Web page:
This was the aim of social Darwinism, an ideology that caught on in the late-19th century. Darwin used the term ‘fittest’ to mean ‘best adapted to an environment’. In the wake of Spencer, it came to mean ‘most successful’ — that is to say, ‘strongest’. The adherents of social Darwinism saw society as a living organism that evolved like any other, and whose individual cells (social classes and races) were sick or healthy, fit or unfit. According to this line of thought, social abuses are not socio-economic phenomena but diseases, ‘cancers’, whose carriers are ‘parasites’ that must be eradicated. 

For social Darwinists, the remedy was clear. Weak groups only hold the rest back and by properly steering evolution, they must be removed without delay. This led to eugenics as a tool of social Darwinism: the strongest were encouraged to reproduce, while efforts were made to curb the reproduction of inferior specimens. Social Darwinism was advanced as a scientific justification of racism and power abuse. It was used to defend colonization: ‘Negroes’, ‘Indians’, Aborigines, and other ‘savages’ in overseas regions were portrayed as races that had dropped behind in evolution, being only a rung higher than brute creation. 

Failure was seen as a sign of intrinsic weakness and disease; to provide help in such cases was counterproductive, because it merely prolonged the survival of groups who were doomed to die out anyway. Social amenities were abolished to stop the poor reproducing. In 1834, under the influence of the Malthusians, Britain introduced a new Poor Law that defined poverty as a moral shortcoming. When Hitler claimed that the German people had the moral right to conquer the territory of inferior peoples when they needed more 'Lebensraum' or living space, he was voicing the notions that prevailed in his day and age.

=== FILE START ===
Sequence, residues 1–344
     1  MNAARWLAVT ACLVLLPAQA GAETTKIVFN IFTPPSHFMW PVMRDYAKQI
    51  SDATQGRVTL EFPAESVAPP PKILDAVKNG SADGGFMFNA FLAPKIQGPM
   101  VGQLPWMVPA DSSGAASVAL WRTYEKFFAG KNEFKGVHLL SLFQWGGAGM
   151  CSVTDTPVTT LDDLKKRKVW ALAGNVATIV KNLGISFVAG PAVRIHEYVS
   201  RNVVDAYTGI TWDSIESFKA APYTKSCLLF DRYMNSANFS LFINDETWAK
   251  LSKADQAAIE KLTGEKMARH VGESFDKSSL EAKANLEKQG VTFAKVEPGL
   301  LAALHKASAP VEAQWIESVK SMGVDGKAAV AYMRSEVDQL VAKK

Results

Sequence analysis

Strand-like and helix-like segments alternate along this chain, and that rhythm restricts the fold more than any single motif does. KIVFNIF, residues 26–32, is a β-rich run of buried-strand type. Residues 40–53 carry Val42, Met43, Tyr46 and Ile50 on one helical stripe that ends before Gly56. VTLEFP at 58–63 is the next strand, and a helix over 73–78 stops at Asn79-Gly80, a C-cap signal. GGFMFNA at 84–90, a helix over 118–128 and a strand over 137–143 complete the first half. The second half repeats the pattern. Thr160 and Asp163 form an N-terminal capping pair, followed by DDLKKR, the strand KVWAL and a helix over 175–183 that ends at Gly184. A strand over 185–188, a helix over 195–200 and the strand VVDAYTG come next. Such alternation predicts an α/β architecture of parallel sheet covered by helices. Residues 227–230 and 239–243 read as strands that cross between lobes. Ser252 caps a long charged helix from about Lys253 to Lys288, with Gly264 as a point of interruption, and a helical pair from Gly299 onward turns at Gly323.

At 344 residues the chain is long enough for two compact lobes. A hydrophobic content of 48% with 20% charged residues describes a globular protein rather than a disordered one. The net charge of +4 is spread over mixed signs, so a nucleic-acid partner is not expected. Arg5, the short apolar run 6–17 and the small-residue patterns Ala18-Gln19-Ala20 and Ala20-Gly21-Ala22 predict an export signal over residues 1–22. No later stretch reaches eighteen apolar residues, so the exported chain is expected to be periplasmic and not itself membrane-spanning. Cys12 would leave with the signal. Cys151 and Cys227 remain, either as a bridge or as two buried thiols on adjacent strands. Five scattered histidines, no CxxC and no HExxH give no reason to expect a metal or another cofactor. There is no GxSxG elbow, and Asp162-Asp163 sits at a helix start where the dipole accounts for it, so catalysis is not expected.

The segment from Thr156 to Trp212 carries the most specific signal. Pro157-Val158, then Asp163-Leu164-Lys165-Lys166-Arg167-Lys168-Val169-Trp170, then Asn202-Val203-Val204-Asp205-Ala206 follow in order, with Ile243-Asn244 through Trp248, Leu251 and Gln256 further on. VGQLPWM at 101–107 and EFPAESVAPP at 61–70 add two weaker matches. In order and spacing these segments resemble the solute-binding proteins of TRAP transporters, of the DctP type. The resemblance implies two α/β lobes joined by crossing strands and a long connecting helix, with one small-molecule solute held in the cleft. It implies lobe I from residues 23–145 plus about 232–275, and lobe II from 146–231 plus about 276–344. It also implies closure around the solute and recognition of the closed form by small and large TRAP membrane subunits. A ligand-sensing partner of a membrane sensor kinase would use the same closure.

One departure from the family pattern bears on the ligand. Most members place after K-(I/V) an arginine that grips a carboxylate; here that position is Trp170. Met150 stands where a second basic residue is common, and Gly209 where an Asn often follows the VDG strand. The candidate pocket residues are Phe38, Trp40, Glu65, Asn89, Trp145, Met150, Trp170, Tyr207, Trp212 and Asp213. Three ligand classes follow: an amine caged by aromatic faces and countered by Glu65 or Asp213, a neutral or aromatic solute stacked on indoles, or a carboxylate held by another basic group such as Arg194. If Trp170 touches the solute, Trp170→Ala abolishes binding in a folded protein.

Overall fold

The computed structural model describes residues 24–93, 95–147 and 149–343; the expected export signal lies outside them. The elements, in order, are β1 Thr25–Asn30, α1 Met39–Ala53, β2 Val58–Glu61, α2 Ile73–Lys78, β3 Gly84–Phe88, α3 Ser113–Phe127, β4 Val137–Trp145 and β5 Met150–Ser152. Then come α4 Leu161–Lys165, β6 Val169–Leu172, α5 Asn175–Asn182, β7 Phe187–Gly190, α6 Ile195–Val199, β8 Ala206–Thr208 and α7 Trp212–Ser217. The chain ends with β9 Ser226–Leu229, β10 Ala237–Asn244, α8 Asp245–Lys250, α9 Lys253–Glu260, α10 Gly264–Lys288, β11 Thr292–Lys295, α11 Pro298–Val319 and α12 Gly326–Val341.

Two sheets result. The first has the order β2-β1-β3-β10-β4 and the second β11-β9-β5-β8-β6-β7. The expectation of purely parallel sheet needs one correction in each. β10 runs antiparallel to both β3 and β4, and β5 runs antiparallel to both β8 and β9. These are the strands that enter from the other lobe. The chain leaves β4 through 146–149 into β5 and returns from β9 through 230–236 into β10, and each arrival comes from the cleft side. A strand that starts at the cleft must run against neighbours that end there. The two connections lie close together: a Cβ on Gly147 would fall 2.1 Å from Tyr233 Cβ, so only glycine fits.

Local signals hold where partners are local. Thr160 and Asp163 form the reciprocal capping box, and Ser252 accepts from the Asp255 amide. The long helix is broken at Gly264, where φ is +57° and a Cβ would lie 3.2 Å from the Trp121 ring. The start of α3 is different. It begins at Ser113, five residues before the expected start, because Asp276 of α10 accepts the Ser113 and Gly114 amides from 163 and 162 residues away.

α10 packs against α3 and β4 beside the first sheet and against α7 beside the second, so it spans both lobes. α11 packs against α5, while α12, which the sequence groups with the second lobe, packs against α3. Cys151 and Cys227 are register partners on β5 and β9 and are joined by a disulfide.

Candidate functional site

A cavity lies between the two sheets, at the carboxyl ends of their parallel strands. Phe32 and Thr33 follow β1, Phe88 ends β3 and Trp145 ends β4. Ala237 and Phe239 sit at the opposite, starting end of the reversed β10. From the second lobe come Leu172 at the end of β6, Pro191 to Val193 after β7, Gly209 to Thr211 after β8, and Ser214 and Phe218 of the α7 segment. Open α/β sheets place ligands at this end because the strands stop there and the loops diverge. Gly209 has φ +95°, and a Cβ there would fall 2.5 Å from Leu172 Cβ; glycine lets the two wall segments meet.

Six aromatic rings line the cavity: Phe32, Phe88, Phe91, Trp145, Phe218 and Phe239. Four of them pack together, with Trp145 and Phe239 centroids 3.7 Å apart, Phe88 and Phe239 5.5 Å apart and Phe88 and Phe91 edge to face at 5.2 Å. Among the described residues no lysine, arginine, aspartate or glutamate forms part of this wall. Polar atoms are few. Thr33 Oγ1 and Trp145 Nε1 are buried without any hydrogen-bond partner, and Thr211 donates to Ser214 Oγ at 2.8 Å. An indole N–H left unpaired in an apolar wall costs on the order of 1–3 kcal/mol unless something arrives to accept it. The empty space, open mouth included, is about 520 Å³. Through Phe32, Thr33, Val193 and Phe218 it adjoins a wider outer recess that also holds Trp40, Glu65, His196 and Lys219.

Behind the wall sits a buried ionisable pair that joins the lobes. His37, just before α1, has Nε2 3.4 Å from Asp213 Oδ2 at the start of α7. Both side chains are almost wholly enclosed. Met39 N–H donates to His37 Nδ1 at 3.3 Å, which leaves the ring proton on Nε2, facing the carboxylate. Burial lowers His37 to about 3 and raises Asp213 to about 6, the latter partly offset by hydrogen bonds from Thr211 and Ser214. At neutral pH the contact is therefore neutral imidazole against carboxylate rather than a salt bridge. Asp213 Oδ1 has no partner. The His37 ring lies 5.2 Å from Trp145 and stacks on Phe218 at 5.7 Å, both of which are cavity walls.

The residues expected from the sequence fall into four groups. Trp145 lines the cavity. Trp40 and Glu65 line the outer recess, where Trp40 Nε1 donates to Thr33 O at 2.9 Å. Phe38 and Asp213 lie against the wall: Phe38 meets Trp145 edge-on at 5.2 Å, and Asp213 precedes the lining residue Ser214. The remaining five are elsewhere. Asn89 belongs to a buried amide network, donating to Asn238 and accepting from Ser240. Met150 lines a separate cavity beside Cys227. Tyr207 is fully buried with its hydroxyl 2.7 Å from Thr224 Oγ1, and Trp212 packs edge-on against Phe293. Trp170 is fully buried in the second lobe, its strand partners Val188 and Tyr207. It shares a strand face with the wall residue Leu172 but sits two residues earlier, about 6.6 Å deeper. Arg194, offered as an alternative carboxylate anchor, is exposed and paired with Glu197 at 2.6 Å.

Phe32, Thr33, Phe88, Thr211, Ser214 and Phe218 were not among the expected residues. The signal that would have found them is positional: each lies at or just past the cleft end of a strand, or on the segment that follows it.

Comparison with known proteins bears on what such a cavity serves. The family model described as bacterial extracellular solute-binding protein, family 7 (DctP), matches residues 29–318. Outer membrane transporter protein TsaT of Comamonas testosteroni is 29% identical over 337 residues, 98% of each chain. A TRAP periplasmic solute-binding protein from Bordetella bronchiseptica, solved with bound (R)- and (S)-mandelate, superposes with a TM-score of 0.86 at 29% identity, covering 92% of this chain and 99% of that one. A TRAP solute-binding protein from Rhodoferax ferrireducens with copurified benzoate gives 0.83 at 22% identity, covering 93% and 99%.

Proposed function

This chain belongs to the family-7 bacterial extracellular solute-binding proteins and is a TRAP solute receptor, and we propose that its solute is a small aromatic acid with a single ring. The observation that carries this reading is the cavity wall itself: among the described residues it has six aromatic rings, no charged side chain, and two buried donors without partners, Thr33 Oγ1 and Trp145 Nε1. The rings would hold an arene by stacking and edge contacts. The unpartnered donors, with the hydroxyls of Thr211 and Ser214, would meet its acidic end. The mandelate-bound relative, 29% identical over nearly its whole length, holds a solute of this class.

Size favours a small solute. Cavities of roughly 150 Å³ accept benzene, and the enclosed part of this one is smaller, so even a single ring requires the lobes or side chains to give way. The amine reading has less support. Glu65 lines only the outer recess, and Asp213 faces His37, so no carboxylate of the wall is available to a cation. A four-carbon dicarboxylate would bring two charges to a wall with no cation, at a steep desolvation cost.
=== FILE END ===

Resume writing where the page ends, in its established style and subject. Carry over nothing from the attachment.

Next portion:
Eugenics was a serious academic discipline at many universities. Institutes devoted to it existed in England, Sweden, Switzerland, Russia, America, Germany, and Norway. Its theories were supported by prominent figures, including American presidents. Its founding father, the British anthropologist and polymath Sir Francis Galton, became a fellow of the Royal Society and was knighted well after having espoused ideas about improving the human race. Galton felt that the average citizen was “too base for the everyday work of modern civilization.”

Spencer sold hundreds of thousands of books on his assertion that we should fan the flames of this battle, since ‘the whole effort of Nature is to get rid of [the poor] – to clear the world of them, and make room for better’. The steel baron Andrew Carnegie wrote in a 1889 essay known as “The Gospel of Wealth.” “While the law [of competition] may be sometimes hard for the individual, it is best for the race, because it ensures the survival of the fittest in every department. We accept and welcome, therefore . . . great inequality of environment, the concentration of business, industrial and commercial, in the hands of the few, and the law of competition between these, as being not only beneficial, but essential for the future progress of the race.”